3.2. Demonstrate familiarity with appropriate endpoint tools that gather security assessment information: netstat, nslookup, tcpdump.

3.3. Verify that endpoint systems meet security policies and standards: Hardware inventory (asset management), software inventory, program deployment, data backups, regulatory compliance (PCI DSS, HIPAA, GDPR), BYOD (device management, data encryption, app distribution, configuration management).

3.4. Implement software and hardware updates: Windows Update, application updates, device drivers, firmware, patching.

3.5. Interpret system logs: Event Viewer, audit logs, system and application logs, syslog, identification of anomalies.

3.6. Demonstrate familiarity with malware removal: Scanning systems, reviewing scan logs, malware remediation.

4. Vulnerability Assessment and Risk Management

4.1. Explain vulnerability management: Vulnerability identification, management, and mitigation; active and passive reconnaissance; testing (port scanning, automation).

4.2. Use threat intelligence techniques to identify potential network vulnerabilities: Uses and limitations of vulnerability databases; industry-standard tools used to assess vulnerabilities and make recommendations, policies, and reports; Common Vulnerabilities and Exposures (CVEs), cybersecurity reports, cybersecurity  news, subscription services, and collective intelligence; ad hoc and automated threat intelligence; the importance of updating documentation and other forms of communication proactively before, during, and after cybersecurity incidents; how to secure, share and update documentation.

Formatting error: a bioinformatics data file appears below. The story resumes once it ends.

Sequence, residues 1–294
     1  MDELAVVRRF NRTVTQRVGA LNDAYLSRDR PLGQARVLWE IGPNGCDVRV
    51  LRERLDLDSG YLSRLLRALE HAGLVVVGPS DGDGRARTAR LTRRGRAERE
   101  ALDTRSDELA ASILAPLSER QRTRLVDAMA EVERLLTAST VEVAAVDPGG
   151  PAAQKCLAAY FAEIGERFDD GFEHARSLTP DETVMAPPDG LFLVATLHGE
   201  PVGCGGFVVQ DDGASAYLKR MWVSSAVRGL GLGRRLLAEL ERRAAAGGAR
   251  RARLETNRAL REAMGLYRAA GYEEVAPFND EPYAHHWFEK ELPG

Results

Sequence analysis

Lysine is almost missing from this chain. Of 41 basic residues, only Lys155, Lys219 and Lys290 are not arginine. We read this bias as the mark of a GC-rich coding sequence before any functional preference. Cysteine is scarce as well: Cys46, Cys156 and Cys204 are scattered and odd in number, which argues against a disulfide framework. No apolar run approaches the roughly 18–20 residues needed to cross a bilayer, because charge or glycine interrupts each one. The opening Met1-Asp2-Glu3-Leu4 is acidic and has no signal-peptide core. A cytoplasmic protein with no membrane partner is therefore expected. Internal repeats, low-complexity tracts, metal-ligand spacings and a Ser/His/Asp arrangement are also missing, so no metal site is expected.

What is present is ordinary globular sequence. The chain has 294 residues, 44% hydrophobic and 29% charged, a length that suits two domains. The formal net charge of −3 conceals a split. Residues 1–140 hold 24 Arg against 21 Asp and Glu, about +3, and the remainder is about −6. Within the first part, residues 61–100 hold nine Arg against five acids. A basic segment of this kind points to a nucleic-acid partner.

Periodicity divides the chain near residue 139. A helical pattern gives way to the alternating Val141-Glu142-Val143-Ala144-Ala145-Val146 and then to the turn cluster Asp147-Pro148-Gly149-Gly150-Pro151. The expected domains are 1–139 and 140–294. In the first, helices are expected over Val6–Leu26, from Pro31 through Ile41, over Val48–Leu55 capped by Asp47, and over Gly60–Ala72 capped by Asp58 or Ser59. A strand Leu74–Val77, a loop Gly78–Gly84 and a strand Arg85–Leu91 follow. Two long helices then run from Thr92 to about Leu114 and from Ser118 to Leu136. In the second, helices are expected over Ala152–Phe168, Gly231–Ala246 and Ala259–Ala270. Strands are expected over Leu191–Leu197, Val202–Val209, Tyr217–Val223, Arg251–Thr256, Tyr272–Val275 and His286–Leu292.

4.3. Explain risk management: Vulnerability vs. risk, ranking risks, approaches to risk management, risk mitigation strategies, levels of risk (low, medium, high, extremely high), risks associated with specific types of data and data classifications, security assessments of IT systems (information security, change management, computer operations, information assurance).

4.4. Explain the importance of disaster recovery and business continuity planning: Natural and human-caused disasters, features of disaster recovery plans (DRP) and business continuity plans (BCP), backup, disaster recovery controls (detective, preventive, and corrective).

5. Incident Handling

5.1. Monitor security events and know when escalation is required: Role of SIEM and SOAR, monitoring network data to identify security incidents (packet captures, various log file entries, etc.), identifying suspicious events as they occur.

5.2. Explain digital forensics and attack attribution processes: Cyber Kill Chain, MITRE ATT&CK Matrix, and Diamond Model; Tactics, Techniques, and Procedures (TTP); sources of evidence (artifacts); evidence handling (preserving digital evidence, chain of custody).

5.3. Explain the impact of compliance frameworks on incident handling: Compliance frameworks (GDPR, HIPAA, PCI-DSS, FERPA, FISMA), reporting and notification requirements.

5.4. Describe the elements of cybersecurity incident response: Policy, plan, and procedure elements; incident response lifecycle stages (NIST Special Publication 800-61 sections 2.3, 3.1-3.4).